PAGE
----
Of possible electoral alliances in the forthcoming 2025 Malawi’s General Elections

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Of possible electoral alliances in the forthcoming 2025 Malawi’s General Elections
Of possible electoral alliances in the forthcoming 2025 Malawi’s General Elections

Africa-Press – Malawi. The 50% + 1 electoral system will force many political parties to enter into electoral alliances in the forthcoming 2025 General elections. This is so because it seems that it is difficult for a single presidential candidate alone to attain 50% + 1 of the cast votes as required by the Malawi Electoral laws.

In fact, I always refer to 2019 presidential elections because they give us the strength of each individual presidential candidate although they were nullified by the Constitutional Court. In my view, the results of the 2019 and 2020 presidential elections were statistically and significantly similar.

Without being arithmophobic, let us play with numbers a bit. In 2019 presidential elections, Prof. Peter Mutharika won with 38.57% of the cast votes followed by Dr. Lazarus Chakwera with 34.41% while Dr. Saulos Chilima came third with 20.24%. Atupele Muluzi grabbed the fourth position with 4.67% of the cast votes.

Holding other variables constant, when Lazarus Chakwera formed Tonse Alliance with Saulos Chilima during the 2020 fresh presidential elections, people expected Lazarus Chakwera to amass at least 54.64% of the cast votes.

Malawians also expected the electoral alliance of Peter Mutharika and Atupele Muluzi to get at least 43.24% of the cast votes. This implies that arithmetically the Tonse Alliance had already a high chance of winning the 2020 fresh presidential elections.

Indeed the results of the 2020 fresh presidential elections showed that Chakwera with Chilima emerged the winner with 59.34% of the cast votes, an increase of +4.69% from the projected votes. It is well known that Mutharika lost the 2020 fresh presidential elections with 39.92%, a decrease of 3.32% from the projected votes.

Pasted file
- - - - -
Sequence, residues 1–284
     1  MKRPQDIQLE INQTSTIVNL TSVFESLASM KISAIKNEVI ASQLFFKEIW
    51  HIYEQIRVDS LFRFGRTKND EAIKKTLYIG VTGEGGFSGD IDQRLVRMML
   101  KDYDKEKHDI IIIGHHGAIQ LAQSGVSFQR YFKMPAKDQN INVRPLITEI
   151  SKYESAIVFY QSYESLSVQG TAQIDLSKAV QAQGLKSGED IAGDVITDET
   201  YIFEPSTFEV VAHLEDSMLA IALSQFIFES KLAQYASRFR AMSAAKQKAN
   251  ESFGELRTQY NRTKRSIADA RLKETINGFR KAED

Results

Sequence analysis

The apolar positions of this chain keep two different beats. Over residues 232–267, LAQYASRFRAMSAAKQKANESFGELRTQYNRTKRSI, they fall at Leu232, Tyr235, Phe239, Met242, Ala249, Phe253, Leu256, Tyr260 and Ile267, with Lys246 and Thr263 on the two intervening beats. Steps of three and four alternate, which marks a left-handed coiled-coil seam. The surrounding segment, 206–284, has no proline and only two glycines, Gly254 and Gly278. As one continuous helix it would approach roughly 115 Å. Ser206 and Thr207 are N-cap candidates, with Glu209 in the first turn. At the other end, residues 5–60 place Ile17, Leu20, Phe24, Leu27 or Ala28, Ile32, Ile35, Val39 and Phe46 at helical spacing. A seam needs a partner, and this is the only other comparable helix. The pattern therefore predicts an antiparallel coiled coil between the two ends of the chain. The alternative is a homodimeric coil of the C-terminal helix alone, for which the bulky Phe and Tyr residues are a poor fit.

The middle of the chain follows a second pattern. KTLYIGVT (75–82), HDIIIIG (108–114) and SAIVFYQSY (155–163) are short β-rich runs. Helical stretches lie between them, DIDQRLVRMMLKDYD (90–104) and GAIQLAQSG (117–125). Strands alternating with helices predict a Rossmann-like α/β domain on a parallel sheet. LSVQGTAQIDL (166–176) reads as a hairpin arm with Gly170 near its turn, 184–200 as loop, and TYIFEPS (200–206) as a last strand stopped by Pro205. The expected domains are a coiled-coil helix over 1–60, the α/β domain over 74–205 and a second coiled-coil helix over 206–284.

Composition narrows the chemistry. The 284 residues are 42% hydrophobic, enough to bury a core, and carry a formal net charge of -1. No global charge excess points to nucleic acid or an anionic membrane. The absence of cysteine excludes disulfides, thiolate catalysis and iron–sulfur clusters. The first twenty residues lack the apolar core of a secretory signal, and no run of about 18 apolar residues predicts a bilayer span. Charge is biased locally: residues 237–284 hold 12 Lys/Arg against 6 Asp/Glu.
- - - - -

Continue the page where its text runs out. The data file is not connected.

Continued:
These numerical discrepancies from the projected votes were attributed to voter apathy, sympathy votes, Tonse Alliance’s vigorous campaign and DPP’s unpreparedness for the fresh presidential elections.

All this analysis underscores the importance of numbers when choosing an electoral alliance partner. It is against this background that this article attempts to expound on the possible electoral alliances in the forthcoming general elections.

Firstly, many Malawians are of the view that all political parties must go solo into the forthcoming general elections. This is so because Tonse Alliance has proved to be a total dupe and flop. Some parties such as UTM, Umodzi Party and Aford feel that the MCP only used them just to ascend to power but they did not benefit much from the alliance.

This is why there are many disgruntled members of the Tonse Alliance such as Bon Kalindo and Dr. Chidanti Malunga who tirelessly fought hard to usher the alliance into government only to be left out in the cold later.

If former President Bingu wa Mutharika managed to attain 50% of the cast votes without any political alliance, what can stop Dr. Lazarus Chakwera or Prof. Peter Mutharika from achieving the same?

After all, if no candidate gets at least 50% + 1 of the cast votes in the first round, there is a provision for the top two presidential candidates to battle it out in the run-off elections.

Secondly, there is another school of thought that the electoral alliances of the 2020 fresh presidential elections be maintained. This implies that the Tonse Alliance must again contest against the DPP-UDF alliance.

However, some quarters recommend that electoral alliance agreements must be legally binding and must strictly conform to the Malawi Constitution. It is expected that this would circumvent alliance partners from breaching alliance pacts.

Thirdly, in an attempt to punish MCP for breaching the Tonse Alliance pact, some disgruntled members are of the view that a grand electoral alliance of DPP, UDF and UTM should be instituted. MCP can therefore partner with other political parties.

Fourthly, since Malawi’s politics is not only about MCP and DPP taking the centre stage, it is therefore possible for UTM to become the third popular party by featuring its own presidential candidate and even forming alliance with other parties such as UDF, Umodzi Party and Aford.

In conclusion, as general elections are drawing close, we expect old electoral alliances to break up while new ones to emerge. In politics, almost everything is possible. This is why there are no foes nor friends in politics.

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